Thursday, August 05, 2021

Maximizing the ACA Innovation Waiver: Biosimilar silver loading, anyone?

Subscribe to xpostfactoid

Ask, and it shall be given

The advocates for more affordable health insurance at Families USA are asking the Biden administration to loosen up the Catch-22 that confronts states seeking to take advantage of the ACA's section 1332 innovation waivers.

1332 waivers enable states to propose alterations to virtually every feature of the ACA marketplace in pursuit of more affordable and effective coverage. The alternative scheme must cover at least as many people at least as comprehensively as the existing marketplace, and must do so without increasing the federal deficit. 

As currently interpreted, the deficit-neutral requirement presents a Catch-22: if the state's alternative scheme ends up costing more because more people sign up, the state is responsible for the excess costs, even if the coverage costs less (or no more) per person than the exiting ACA marketplace. 

The ACA marketplace is undersubscribed (enrollment never reached half of initial CBO projections), mainly because it was undersubsidized until the (so far temporary) subsidy boosts provided by the American Rescue Plan in March of this year.  A more cost-effective alternative -- say, a Medicaid-like market that leaves enrollees with lower out-of-pocket costs because plans pay less to providers -- should increase enrollment. But states generally won't sign on to eat those costs.

The Families USA proposal, in a brief overviewing various possible regulatory actions, relies on Medicaid precedent to float an escape from this conundrum. Asserting that the ACA's core mission is to reduce the uninsured population, and that 1332s as currently constructed effectively forbid states to further that mission, the brief proposes:

In other contexts, federal officials have construed waiver authority to permit increased enrollment of eligible people. For example, Medicaid waivers under section 1115 of the Social Security Act have long been subject to an administratively-imposed requirement of federal budget neutrality. Beginning with then President Clinton’s grant of a Medicaid 1115 waiver to permit the State of Tennessee to cover otherwise ineligible poor adults, CMS has permitted states to juxtapose waiver spending against baselines reflecting state implementation of alternative policies permitted without any waiver. A fixed quantity of federal dollars shifts from a policy the state could have implemented under the statute and instead is used to support the waiver (my emphasis).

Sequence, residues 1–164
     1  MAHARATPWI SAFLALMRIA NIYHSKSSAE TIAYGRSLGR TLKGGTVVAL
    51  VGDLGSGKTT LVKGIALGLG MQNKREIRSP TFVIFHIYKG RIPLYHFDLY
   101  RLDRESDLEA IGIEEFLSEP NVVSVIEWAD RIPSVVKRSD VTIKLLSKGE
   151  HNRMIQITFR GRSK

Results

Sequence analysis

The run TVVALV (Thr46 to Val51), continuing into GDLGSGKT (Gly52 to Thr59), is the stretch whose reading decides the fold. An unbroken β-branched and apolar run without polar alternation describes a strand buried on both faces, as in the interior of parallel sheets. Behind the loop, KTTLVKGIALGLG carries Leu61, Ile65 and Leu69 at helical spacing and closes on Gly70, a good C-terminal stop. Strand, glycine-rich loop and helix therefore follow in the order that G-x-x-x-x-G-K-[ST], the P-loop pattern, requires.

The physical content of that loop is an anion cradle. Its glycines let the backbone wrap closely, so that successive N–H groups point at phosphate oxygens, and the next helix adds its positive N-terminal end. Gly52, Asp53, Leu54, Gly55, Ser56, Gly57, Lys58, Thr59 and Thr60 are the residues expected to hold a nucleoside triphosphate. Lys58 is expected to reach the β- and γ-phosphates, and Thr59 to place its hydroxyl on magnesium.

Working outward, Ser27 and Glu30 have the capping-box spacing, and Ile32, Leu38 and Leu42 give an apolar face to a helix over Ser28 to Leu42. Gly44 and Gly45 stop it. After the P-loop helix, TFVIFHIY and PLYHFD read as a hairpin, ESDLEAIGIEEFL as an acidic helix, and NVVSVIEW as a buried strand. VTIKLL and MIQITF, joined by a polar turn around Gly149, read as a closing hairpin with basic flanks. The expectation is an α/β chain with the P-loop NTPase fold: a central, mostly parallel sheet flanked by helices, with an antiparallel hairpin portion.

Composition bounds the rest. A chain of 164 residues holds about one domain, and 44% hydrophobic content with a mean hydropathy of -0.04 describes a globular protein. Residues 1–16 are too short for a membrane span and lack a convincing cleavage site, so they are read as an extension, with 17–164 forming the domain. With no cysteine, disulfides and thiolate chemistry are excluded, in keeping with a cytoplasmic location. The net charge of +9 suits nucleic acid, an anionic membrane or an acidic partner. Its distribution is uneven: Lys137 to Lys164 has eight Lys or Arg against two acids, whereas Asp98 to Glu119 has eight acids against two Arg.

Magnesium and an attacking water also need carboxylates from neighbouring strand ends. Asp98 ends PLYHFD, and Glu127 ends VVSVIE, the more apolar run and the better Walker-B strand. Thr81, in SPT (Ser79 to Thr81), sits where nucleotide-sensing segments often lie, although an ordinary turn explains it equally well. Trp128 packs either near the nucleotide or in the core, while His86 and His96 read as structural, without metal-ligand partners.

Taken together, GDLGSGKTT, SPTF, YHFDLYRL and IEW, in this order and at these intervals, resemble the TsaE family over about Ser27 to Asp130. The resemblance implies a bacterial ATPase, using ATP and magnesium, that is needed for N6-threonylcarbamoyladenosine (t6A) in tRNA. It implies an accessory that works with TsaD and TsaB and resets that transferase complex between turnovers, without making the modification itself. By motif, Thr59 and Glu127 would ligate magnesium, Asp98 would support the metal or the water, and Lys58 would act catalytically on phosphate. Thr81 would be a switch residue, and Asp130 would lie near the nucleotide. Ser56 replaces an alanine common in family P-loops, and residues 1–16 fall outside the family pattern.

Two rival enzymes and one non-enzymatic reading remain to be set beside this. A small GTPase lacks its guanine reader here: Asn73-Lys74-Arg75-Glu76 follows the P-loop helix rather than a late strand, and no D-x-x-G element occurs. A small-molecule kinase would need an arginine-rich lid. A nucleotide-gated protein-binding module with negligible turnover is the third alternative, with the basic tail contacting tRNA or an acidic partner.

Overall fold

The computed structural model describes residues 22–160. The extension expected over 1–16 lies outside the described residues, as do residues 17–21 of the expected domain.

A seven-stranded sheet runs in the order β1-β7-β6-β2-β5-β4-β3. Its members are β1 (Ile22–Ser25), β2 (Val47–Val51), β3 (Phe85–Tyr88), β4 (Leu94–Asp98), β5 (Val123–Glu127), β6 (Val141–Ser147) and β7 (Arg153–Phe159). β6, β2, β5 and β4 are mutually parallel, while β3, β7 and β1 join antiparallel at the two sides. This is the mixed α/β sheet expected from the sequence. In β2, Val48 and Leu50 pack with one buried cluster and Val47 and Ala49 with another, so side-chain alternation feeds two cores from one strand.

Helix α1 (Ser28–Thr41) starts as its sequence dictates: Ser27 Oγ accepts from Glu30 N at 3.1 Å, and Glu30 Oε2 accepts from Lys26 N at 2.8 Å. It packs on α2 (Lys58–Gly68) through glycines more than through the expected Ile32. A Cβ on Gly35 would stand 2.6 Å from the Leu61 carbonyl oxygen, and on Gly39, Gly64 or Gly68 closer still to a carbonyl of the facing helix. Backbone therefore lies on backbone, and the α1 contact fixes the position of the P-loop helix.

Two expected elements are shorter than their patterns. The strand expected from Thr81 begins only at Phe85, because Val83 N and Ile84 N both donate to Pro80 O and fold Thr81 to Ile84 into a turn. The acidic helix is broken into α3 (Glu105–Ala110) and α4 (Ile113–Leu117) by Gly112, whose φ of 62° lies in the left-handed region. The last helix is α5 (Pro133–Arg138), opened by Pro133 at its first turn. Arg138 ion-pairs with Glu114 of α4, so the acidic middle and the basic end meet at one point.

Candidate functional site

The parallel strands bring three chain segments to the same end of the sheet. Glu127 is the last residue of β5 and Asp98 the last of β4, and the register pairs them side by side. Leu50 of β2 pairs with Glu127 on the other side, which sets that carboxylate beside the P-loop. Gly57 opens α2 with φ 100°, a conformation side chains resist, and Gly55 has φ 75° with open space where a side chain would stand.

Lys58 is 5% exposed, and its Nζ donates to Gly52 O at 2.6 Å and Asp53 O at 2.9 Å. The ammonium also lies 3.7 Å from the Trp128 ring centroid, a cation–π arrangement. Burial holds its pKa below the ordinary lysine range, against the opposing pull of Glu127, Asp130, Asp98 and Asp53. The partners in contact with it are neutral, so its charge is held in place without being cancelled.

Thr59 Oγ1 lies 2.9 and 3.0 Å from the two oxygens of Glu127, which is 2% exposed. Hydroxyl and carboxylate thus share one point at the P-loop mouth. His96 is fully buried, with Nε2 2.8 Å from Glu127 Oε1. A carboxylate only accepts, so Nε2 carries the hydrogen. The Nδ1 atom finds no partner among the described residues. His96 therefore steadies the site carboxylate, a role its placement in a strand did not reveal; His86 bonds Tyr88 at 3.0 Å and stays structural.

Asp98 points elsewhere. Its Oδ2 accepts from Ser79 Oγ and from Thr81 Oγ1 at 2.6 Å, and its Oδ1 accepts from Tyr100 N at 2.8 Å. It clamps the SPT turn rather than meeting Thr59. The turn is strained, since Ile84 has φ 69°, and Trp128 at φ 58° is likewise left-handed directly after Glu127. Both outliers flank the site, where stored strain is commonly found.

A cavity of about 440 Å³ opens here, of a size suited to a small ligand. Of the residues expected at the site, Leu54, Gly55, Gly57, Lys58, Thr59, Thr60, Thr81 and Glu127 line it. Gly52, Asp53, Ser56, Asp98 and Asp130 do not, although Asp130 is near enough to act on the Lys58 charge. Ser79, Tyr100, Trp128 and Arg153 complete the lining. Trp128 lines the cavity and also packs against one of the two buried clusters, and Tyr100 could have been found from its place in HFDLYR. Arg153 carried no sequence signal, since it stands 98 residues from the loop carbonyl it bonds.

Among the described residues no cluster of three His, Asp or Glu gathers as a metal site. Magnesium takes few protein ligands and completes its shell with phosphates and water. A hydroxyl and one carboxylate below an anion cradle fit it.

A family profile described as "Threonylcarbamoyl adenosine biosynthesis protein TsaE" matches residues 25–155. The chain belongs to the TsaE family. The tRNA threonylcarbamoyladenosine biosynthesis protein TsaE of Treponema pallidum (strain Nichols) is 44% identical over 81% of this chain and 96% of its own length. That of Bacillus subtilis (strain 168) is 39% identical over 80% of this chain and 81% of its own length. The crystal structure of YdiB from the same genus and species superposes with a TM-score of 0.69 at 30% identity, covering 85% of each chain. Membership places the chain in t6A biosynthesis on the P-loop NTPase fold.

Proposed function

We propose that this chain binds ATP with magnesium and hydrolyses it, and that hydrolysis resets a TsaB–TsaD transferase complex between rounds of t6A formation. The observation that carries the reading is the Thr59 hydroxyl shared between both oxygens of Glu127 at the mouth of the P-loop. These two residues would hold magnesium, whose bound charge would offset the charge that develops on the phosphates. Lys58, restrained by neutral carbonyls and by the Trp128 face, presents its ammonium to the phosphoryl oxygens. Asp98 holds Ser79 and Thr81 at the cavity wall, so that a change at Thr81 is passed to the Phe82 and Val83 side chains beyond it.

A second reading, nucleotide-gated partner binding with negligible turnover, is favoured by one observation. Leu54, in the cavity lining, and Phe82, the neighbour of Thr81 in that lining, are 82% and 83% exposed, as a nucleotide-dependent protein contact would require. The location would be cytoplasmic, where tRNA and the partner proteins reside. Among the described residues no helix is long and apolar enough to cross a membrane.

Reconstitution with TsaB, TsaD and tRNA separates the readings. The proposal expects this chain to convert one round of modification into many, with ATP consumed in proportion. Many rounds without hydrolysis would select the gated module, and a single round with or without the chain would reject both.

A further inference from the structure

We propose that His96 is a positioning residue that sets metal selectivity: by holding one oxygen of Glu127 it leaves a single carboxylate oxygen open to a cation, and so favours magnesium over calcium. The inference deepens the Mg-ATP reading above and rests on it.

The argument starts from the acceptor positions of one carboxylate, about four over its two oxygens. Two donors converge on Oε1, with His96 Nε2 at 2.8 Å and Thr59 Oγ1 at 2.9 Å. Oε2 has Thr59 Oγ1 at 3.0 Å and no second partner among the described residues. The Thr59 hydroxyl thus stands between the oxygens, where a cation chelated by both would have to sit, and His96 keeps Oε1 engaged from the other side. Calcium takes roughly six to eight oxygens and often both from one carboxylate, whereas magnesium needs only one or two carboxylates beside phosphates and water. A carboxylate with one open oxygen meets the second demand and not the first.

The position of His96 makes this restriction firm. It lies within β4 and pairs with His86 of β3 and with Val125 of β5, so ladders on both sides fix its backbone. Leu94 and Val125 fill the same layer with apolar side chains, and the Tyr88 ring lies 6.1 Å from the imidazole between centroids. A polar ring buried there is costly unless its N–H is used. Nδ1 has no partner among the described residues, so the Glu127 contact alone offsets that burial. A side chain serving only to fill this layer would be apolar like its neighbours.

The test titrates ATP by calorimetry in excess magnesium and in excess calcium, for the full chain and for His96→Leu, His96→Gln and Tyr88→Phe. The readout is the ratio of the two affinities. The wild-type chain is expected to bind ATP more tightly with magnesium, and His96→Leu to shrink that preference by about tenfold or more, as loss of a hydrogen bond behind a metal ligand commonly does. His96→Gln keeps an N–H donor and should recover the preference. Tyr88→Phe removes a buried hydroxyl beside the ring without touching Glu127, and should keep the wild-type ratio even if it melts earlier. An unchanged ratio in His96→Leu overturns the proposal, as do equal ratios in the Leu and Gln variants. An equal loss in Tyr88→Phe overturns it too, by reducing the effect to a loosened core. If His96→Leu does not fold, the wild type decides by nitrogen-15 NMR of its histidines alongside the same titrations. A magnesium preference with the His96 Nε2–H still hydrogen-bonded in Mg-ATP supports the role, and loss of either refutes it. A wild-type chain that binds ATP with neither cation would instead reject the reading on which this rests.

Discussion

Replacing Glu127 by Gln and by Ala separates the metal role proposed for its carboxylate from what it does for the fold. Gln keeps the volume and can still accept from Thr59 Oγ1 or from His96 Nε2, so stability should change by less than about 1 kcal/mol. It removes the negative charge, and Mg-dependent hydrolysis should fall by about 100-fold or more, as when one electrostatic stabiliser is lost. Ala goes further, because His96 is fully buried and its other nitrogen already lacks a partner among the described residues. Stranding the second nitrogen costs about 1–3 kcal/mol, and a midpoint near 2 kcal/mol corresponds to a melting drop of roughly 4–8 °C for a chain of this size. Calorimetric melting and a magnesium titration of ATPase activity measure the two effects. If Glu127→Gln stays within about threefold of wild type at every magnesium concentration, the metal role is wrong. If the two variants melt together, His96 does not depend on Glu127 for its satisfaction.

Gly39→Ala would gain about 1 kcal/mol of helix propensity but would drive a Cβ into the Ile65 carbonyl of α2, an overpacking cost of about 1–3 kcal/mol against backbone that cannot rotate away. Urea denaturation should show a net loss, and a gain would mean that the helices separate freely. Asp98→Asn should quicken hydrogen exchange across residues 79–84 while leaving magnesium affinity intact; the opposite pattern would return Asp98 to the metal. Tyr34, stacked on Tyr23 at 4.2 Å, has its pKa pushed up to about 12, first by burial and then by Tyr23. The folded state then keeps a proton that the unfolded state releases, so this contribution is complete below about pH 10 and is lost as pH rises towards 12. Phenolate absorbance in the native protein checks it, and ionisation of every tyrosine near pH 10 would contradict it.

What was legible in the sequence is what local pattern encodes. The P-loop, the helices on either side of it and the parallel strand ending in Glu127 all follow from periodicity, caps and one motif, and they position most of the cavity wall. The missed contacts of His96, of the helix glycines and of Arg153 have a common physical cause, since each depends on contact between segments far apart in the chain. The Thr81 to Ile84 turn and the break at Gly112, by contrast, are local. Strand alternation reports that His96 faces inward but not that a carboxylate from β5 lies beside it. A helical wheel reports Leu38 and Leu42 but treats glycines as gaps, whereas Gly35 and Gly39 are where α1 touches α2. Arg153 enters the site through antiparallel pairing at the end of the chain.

Wat?...a state should be able to argue, what we propose to do will cost no more than another thing we could have done.  How would that work in the ACA marketplace? What could a state possibly have done to use federal dollars to make coverage more affordable than it is in the existing marketplace?

There is at least one answer. Since at least 2019, Stan Dorn, one of the brief's coauthors, has been urging states to improve affordability by instructing state regulators to require strict "silver loading" -- that is, fully pricing the value of Cost Sharing Reduction (CSR) into silver plans, which increases discounts in bronze and gold plans.

Let's back up, as briefly as possible. The baseline actuarial value of a silver plan is 70% -- that is, it's supposed to cover 70% of the average enrollee's costs. That compares to 60% for bronze, 80% for gold, and 90% for platinum. But CSR boosts the value of a silver plan for low income enrollees -- to 94% at an come up to 150% of the Federal Poverty Level, 87% (at 150-200% FPL), or 73% (at 200-250% FPL).